The profession reacts to news that Boris Johnson is set to become the nation’s next Prime Minister
Ben Derbyshire, outgoing RIBA president and HTA chair
If Boris delivers his threatened no-deal Brexit it would be a disaster for the development industry and homebuilding especially, with massive disruption to finance, the supply chain and movement of labour.
There is very little that either Michael Gove or Zac Goldsmith, both tipped for environment secretary, could do about that. But one might hope that either of them could make something of the proposed New Homes Standard, which needs to be a new zero-carbon standard for all homes, not just new ones.
Teresa Borsuk, Pollard Thomas Edwards
Oh dear. It’ll be just more layers of confused spatter-dash and jumble on the existing piles of uncertainty, flipflopping and incompetence. The challenges are already crippling. How are we meant to see an orderly way through this mire? Let’s hope his reign is short-lived.
Jack Pringle, Perkins & Will London, and former RIBA president
With BoJo in charge, the UK is now in a high-stakes craps game. He could well get a deal out of Brussels, who probably think he is mad enough to go for a No Deal exit, as this completely throws Ireland under the bus which nobody wants.
He’ll then go for a quick election to restore a working majority, In which case the UK economy will bloom. But there are many ways the dice can land ‘snake eyes’ up. EU says no, defecting Tories leading to us stumbling past the deadline and into an ‘Auto-no- deal’. In which case we are all stuffed.
Piers Taylor, Invisible Studio
We live in an era when fact, truth and detail count for nothing, and our national politics have descended into vacuous sloganeering delivered by the self-serving and the clueless, drunk on their 15 minutes in the sun and unable to see beyond the limits of their own narcissistic ambition.
Just when we thought things couldn’t get any worse, we now have Boris Johnson for prime minister. What will a Johnson premiership hold for architecture? If we judge him by his actions, we can expect grandiose and yet undoubtedly doomed vanity projects where vast amounts of scarce public resources are diverted from where they are most needed to provide little more than self-promotional rhetoric.
We have a PM wanting little more than to out-Trump Trump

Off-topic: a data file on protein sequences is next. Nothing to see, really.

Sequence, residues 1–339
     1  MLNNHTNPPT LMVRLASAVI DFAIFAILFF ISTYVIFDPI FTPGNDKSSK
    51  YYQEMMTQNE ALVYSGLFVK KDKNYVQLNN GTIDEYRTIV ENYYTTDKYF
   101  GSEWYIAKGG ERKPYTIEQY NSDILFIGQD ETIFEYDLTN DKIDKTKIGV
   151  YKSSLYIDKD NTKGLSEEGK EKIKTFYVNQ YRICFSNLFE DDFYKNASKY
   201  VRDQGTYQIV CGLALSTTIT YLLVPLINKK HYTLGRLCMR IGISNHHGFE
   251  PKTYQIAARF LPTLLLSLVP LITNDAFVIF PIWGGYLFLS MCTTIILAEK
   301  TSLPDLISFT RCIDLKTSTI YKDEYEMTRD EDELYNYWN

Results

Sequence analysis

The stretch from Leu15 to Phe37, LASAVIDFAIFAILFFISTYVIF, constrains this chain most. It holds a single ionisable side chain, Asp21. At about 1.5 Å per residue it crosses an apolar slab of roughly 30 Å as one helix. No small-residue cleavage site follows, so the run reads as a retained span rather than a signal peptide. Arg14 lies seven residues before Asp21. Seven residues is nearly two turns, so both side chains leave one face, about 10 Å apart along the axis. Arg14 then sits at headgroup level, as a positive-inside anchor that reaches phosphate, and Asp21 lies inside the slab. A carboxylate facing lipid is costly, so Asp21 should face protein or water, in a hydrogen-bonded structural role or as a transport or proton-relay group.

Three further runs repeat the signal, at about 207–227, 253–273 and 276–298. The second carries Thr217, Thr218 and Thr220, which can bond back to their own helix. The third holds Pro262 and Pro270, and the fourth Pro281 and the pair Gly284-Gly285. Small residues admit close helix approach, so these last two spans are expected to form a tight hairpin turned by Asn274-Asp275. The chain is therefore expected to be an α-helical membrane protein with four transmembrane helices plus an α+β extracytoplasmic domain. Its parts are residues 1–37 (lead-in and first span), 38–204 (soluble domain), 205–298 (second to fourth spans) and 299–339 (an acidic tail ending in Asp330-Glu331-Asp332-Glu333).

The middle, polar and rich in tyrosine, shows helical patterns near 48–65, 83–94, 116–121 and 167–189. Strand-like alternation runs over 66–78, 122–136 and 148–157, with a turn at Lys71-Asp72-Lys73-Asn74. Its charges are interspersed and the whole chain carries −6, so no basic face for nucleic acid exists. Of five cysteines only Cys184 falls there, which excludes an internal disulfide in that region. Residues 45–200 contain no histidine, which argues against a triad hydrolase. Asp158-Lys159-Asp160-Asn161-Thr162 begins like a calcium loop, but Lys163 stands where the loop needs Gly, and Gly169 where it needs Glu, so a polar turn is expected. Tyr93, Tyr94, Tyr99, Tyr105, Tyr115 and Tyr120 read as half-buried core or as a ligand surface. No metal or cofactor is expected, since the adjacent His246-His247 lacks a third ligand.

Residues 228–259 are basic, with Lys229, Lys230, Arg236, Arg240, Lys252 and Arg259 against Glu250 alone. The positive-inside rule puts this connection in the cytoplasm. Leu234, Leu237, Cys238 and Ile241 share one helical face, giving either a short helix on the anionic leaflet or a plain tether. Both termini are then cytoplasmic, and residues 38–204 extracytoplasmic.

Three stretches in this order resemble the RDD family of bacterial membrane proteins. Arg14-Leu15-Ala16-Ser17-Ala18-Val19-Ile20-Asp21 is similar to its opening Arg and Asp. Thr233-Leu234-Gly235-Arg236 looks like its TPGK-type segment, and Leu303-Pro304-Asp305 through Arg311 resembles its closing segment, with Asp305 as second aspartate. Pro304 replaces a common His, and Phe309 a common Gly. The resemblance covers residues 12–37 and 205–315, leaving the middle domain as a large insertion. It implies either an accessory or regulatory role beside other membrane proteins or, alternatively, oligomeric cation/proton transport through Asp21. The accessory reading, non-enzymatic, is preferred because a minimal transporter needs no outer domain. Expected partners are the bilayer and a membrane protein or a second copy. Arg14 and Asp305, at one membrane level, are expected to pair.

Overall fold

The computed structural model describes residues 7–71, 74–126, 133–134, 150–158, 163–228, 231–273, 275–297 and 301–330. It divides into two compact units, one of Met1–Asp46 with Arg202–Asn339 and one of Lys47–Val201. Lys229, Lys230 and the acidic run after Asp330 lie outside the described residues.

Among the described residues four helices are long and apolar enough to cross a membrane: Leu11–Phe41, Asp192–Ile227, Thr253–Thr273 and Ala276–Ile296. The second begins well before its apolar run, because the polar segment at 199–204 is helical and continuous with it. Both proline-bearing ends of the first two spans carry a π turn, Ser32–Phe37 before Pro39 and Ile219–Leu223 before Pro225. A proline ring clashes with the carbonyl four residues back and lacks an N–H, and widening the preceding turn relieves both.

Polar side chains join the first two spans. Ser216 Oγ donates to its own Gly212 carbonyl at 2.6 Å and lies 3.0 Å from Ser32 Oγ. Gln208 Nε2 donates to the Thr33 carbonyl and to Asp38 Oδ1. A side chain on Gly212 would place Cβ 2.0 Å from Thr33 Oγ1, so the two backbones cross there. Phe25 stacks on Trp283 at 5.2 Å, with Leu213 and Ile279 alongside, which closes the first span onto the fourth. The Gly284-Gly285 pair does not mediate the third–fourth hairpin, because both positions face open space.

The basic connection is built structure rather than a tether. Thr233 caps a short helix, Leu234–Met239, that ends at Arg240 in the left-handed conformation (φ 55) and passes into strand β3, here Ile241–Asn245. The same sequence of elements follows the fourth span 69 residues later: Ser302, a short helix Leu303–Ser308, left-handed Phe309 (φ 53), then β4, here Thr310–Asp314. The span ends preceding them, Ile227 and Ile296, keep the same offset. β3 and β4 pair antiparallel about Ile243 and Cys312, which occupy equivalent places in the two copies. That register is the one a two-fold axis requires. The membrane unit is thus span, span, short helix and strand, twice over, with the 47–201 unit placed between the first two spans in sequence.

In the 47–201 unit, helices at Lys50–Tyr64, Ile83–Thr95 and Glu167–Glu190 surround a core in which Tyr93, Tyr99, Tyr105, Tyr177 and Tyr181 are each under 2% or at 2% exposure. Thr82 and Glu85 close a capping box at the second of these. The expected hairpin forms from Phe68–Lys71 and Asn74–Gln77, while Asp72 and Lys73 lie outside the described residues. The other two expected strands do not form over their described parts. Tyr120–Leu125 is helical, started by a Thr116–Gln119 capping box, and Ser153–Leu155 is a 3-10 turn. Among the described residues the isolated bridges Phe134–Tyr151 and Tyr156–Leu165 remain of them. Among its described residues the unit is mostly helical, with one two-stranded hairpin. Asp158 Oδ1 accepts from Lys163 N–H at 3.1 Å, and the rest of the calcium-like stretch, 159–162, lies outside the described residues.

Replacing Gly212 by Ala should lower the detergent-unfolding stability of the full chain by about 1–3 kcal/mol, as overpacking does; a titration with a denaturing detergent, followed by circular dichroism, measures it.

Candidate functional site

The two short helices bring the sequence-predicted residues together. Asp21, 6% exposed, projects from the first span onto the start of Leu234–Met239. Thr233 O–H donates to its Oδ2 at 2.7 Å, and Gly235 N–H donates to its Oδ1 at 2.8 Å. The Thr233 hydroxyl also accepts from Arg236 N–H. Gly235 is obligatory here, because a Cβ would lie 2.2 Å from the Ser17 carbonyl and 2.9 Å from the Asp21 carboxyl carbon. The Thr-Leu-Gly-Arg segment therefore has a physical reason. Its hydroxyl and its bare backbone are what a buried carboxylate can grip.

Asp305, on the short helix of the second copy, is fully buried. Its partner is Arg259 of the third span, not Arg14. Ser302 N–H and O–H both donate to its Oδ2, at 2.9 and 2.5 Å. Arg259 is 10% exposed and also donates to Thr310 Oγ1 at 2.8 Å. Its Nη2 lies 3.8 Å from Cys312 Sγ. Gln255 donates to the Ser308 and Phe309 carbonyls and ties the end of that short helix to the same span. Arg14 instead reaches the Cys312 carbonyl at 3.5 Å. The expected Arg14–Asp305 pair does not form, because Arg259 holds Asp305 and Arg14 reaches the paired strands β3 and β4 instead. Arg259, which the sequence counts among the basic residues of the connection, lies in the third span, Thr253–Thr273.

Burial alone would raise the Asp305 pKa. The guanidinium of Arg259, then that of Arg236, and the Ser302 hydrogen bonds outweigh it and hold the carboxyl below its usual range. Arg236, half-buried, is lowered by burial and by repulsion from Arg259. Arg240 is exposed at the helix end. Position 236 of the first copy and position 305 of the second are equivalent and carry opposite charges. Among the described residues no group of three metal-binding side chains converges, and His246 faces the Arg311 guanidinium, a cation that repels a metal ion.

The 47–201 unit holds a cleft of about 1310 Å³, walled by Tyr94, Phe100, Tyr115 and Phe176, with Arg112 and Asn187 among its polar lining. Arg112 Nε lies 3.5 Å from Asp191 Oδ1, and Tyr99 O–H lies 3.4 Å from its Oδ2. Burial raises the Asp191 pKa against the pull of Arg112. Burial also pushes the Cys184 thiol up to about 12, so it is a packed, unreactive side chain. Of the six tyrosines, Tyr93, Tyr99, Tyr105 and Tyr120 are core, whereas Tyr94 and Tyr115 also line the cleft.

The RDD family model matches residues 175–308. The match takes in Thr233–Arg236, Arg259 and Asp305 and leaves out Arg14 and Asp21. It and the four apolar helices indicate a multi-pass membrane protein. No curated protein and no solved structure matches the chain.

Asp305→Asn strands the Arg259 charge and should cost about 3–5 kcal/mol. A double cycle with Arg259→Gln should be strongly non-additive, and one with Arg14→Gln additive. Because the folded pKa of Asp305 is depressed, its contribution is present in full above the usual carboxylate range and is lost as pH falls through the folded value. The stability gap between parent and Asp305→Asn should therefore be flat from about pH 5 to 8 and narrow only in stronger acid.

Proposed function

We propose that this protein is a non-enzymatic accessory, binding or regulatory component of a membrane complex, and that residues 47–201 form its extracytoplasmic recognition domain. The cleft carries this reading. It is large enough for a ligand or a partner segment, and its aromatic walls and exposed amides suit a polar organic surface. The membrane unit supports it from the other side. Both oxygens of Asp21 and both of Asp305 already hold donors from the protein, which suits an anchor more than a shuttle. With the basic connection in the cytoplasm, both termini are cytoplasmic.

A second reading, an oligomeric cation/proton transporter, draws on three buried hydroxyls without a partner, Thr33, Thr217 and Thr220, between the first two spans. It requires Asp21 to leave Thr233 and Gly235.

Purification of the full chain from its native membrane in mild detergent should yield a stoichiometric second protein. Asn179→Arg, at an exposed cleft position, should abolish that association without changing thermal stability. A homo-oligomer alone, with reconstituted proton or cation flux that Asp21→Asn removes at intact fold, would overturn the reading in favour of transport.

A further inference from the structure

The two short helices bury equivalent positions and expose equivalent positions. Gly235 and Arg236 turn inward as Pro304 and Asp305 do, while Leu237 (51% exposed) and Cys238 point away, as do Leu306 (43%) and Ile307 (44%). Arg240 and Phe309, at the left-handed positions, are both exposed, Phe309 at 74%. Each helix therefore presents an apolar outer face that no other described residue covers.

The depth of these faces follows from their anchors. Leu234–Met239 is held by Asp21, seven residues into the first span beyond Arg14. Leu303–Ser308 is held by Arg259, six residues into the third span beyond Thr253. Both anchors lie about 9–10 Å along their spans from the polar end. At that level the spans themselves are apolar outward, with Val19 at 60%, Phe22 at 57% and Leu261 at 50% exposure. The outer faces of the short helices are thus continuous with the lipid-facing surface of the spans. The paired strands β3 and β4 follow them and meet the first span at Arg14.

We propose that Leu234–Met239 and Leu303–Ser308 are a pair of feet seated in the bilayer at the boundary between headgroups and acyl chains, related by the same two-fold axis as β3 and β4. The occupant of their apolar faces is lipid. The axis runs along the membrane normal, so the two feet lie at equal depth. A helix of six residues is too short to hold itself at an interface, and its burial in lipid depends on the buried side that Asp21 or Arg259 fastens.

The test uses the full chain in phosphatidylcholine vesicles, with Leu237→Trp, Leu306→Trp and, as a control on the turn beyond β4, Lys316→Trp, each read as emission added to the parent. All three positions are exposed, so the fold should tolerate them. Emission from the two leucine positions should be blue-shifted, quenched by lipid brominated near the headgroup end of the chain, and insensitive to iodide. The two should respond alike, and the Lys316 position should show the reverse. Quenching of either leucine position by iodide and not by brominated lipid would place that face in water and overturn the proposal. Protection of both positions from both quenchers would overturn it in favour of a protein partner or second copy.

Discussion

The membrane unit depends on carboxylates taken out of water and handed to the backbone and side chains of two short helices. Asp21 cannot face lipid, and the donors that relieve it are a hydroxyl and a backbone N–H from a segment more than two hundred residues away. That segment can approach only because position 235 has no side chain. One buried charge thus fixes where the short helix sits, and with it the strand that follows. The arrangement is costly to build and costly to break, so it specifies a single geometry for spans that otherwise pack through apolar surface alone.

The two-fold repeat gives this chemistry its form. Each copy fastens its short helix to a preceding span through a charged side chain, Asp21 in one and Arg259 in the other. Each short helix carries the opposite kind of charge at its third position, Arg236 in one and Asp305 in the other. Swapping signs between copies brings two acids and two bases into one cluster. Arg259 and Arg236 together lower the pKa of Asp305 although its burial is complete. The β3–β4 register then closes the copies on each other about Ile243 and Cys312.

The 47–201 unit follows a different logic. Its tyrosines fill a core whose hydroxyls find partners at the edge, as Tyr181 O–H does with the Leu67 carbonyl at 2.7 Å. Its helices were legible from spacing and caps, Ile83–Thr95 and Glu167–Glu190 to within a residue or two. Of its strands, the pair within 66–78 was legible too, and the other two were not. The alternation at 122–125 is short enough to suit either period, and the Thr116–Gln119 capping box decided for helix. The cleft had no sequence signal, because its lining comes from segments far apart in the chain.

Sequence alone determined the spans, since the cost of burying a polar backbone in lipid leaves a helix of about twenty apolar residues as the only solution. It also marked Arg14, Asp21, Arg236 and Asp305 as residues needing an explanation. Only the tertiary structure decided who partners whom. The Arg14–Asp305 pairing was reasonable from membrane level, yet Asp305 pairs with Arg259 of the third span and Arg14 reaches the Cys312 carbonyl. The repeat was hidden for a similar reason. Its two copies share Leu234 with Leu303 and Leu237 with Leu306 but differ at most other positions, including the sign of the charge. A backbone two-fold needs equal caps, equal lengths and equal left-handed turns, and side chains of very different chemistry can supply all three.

More than anything, we need ordinary things: good, straightforward housing, robust infrastructure, and schools and hospitals that offer dignity and delight to the people that use them and work within them.
However, now with a prime minister wanting little more than to out-Trump Trump with brazen and false promises of ostentatious, expensive and irrelevant baubles, providing what we actually need is too much of a distraction divergence from self-serving sloganeering. There is no short-term political capital in investing in long-term solutions, and politics now consists of supposed instant fixes, brash headlines and bluster.’
Maggie Mullan, Maggie Mullan Architects
It is vital Johnson recognises the profound nature of the housing crisis. If he is to uphold the cultural identity of ‘ambition to buy,’ he needs to be aiding the younger audience in moving away from private renting.
While Jeremy Hunt announced his unequivocal support for HS2, Johnson has been more of a chameleon. Faced with spiralling costs, the project’s future is in serious doubt. Where does this leave the development in the North and Midlands? All the contracts up for grabs on the development of stations in the regions are sure to create fantastic opportunities for contractors, but if the next PM pulls the plug, where does this leave us?
Mark Middleton, Grimshaw
The new PM needs to back the existing infrastructure commitments that have been made, primarily HS2 and the Heathrow expansion. These are important for our long term prosperity as well as job creation. He should also look at removing obstacles for local governments that are preventing them forging ahead with social housing schemes.
The new PM needs to back HS2 and the Heathrow expansion
I would hope that he produces a national statement which looks at infrastructure investment as well as renewable energy, transport and other areas of national social wellbeing should be prioritised over the next 20 years to help bring the nation together; improving our collective prosperity and happiness.
Alan Vallance, chief executive of RIBA
Boris Johnson has a mammoth task on his hands as soon as he enters No.10. Brexit, climate change and ensuring the UK has a safer, high-quality built environment must be priorities.
The global climate emergency is the greatest challenge the world has ever faced. With 40 per cent of carbon emissions generated from the built environment, the PM must recognise how vital our profession is to ensure the UK meets the net zero target.